The announcement came as American Airlines announced it would lay off more than 3,100 flight attendants and Air Canada said it would suspend service to New Orleans for the summer.
United said the bulk of the added flights will be domestic although a number will involve Europe, Australia and Tokyo.
A spokesman said though revenue passenger miles were down 13.4 percent in April systemwide, they actually were up in North America and Europe.
Network planning director Marty St. George said the flights were added based on increased bookings "that indicate a strong recovery in many of the markets we serve." The decision will bring the number of daily flights to 1,722, up from 1,560 a day this month.
United plans to use its automated schedule change notification call-out system to notify passengers about changes in flight numbers and times.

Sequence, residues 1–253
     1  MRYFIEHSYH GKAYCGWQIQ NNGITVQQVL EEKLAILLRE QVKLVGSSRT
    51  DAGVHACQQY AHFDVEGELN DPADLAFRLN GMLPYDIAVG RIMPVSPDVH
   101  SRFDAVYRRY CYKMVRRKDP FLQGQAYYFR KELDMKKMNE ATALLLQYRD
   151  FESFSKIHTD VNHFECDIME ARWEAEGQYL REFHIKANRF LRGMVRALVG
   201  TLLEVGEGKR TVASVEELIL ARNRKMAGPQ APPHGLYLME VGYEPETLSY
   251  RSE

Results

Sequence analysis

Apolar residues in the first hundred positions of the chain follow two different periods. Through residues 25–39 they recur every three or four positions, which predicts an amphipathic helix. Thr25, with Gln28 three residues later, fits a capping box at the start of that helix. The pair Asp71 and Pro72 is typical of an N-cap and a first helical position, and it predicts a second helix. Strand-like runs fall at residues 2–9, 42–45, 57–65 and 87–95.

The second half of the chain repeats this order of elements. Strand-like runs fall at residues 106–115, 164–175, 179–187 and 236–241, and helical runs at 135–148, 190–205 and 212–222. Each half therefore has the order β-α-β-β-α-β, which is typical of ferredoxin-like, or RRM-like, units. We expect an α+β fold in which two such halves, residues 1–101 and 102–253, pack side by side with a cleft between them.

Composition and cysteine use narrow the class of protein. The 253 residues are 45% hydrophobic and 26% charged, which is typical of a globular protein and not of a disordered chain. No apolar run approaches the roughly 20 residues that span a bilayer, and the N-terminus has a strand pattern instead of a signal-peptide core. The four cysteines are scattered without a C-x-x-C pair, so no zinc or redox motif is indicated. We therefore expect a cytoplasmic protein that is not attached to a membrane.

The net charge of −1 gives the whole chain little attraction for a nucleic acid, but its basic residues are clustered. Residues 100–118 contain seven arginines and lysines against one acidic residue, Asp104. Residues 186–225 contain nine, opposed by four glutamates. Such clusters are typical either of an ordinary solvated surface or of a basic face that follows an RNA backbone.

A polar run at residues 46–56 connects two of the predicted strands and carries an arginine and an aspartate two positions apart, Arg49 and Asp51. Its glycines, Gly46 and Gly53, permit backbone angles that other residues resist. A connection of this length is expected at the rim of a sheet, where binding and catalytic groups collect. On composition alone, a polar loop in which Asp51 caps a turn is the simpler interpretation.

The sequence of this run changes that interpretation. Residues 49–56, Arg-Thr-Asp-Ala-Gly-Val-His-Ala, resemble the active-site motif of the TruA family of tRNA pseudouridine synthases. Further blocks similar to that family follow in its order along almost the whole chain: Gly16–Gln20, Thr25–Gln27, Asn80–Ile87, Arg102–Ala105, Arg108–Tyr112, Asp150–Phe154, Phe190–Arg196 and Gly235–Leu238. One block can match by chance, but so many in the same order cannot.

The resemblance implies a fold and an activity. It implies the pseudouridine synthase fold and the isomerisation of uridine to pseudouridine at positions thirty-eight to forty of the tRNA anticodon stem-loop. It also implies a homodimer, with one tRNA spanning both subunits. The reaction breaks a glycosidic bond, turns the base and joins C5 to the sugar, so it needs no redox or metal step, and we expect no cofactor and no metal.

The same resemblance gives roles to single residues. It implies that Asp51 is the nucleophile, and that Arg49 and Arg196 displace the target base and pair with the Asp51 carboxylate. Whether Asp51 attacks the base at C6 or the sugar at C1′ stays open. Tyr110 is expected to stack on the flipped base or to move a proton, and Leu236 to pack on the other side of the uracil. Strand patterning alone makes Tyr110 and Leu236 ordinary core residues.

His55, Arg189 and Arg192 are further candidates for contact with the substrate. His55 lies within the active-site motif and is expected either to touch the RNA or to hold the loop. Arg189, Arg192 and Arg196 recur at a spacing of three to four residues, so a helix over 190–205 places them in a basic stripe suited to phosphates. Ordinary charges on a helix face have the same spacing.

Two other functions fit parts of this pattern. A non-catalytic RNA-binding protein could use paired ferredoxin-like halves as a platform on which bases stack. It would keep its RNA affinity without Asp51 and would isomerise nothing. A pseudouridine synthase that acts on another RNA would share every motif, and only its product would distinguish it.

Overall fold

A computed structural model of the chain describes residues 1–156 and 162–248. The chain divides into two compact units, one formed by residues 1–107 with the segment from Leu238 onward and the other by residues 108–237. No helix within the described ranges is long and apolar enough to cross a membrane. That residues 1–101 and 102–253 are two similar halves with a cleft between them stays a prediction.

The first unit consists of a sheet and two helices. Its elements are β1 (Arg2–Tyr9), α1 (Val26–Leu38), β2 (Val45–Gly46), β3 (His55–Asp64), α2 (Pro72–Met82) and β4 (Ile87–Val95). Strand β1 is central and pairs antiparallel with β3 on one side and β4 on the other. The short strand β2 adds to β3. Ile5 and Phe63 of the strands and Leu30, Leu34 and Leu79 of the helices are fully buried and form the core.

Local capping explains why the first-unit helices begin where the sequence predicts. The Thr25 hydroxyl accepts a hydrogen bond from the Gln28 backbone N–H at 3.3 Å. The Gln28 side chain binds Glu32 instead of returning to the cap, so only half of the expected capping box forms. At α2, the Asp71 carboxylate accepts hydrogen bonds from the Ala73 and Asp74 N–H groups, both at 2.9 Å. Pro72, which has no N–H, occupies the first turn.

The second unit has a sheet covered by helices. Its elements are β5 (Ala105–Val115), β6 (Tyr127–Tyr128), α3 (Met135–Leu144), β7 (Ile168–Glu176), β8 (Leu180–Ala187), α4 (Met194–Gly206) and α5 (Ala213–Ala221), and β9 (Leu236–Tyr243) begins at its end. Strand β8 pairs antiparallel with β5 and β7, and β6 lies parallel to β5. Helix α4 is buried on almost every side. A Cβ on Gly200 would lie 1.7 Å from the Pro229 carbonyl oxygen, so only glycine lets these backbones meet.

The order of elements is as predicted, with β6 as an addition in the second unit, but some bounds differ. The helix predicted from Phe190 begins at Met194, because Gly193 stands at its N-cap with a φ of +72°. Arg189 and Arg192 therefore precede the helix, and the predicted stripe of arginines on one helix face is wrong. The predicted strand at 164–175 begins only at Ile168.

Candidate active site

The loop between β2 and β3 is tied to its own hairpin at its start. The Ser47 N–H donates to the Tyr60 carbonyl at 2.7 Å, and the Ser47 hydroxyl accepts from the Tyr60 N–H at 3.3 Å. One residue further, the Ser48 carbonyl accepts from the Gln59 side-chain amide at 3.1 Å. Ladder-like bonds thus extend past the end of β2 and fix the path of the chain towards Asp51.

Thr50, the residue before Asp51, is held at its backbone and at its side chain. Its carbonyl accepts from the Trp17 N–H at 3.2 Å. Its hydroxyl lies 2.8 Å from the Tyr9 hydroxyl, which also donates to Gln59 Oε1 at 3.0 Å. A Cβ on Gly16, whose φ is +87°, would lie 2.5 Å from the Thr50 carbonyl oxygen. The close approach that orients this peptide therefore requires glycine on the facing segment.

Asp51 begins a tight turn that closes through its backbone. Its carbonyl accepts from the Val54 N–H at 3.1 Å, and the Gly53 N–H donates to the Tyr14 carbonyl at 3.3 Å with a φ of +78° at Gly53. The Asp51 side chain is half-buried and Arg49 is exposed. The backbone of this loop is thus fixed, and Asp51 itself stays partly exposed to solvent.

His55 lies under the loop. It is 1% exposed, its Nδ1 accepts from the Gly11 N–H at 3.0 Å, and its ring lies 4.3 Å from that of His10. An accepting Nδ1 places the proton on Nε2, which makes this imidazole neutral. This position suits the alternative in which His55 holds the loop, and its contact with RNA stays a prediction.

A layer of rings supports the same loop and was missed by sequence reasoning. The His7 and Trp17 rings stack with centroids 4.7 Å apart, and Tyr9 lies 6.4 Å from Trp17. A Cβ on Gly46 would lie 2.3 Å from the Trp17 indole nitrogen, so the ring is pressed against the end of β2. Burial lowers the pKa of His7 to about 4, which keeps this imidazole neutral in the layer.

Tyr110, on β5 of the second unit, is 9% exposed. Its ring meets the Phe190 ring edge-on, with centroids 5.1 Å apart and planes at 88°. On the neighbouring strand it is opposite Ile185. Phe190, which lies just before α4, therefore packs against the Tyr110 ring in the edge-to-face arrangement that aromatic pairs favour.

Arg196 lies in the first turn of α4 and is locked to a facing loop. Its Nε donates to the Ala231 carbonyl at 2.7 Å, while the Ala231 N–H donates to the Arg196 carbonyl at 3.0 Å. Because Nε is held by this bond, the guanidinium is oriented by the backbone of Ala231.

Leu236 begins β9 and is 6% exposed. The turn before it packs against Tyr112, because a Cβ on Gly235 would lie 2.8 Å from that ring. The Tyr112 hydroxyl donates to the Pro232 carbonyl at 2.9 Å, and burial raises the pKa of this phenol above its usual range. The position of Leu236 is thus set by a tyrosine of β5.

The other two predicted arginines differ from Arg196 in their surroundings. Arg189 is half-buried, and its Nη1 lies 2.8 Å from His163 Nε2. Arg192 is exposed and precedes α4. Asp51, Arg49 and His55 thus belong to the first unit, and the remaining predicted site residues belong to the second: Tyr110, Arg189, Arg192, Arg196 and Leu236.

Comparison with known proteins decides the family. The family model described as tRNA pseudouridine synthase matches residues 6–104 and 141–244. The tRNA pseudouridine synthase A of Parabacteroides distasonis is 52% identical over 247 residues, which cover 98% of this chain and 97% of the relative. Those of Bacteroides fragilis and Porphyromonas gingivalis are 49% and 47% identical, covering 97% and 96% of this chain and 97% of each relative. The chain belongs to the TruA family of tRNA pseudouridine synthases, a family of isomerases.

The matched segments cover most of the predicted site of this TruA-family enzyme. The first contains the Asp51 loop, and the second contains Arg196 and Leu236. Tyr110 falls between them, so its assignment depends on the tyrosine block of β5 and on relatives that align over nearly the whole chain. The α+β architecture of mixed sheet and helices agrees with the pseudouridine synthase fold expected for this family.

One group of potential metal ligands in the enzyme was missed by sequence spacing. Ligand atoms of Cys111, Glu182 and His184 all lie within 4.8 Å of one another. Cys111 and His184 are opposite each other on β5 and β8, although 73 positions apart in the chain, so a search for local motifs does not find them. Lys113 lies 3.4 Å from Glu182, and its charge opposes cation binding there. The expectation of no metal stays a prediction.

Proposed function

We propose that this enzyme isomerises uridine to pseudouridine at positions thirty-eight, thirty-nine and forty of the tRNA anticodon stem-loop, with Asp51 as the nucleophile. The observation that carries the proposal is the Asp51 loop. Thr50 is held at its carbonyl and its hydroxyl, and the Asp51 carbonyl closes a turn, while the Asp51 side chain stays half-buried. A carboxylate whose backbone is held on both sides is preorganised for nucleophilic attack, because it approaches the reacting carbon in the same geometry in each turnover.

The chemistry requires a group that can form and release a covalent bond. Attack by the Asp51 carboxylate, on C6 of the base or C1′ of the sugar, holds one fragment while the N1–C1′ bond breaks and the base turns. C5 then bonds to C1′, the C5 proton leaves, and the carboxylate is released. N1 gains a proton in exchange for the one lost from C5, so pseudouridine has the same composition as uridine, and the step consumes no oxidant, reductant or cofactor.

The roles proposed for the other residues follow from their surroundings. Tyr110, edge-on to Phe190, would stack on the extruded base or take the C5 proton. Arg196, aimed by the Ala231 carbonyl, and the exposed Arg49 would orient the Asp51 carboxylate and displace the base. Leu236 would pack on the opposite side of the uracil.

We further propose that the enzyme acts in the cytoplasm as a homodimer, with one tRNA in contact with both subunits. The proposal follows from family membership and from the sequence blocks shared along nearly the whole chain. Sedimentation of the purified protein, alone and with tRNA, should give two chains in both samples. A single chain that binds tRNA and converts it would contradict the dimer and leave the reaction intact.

"United will restore all transatlantic service cutbacks made in May and some service in the Pacific," St. George said. "However, because we are still seeing weakness in bookings to some Pacific markets due to SARS (severe acute respiratory syndrome), we have extended the spring frequency reductions on several Pacific routes."
He said Pacific bookings will continue to be monitored on a daily basis and a decision on altering the Asian schedule will be made in the fall.
The Association of Flight Attendants said the additional flights will lead to the recall of 1,527 flight attendants but the Air Line Pilots Association said no pilots would be recalled and 74 scheduled furloughs would go ahead.
"We still have an excess of pilots (in the company's view)," said Dave Kelly, a spokesman for ALPA's United chapter. "As the company implements the new contract, (the company still believes) we will have more pilots than we need. The best we can hope for is this news will help (mitigate) some of the future furloughs."
United filed for bankruptcy Dec. 9 and lost $1.3 billion in the first quarter, blaming a shaky economy, tensions over Iraq and stiff competition from low-fare carriers.
United's unions have ratified new contracts designed to save the carrier $2.56 billion annually.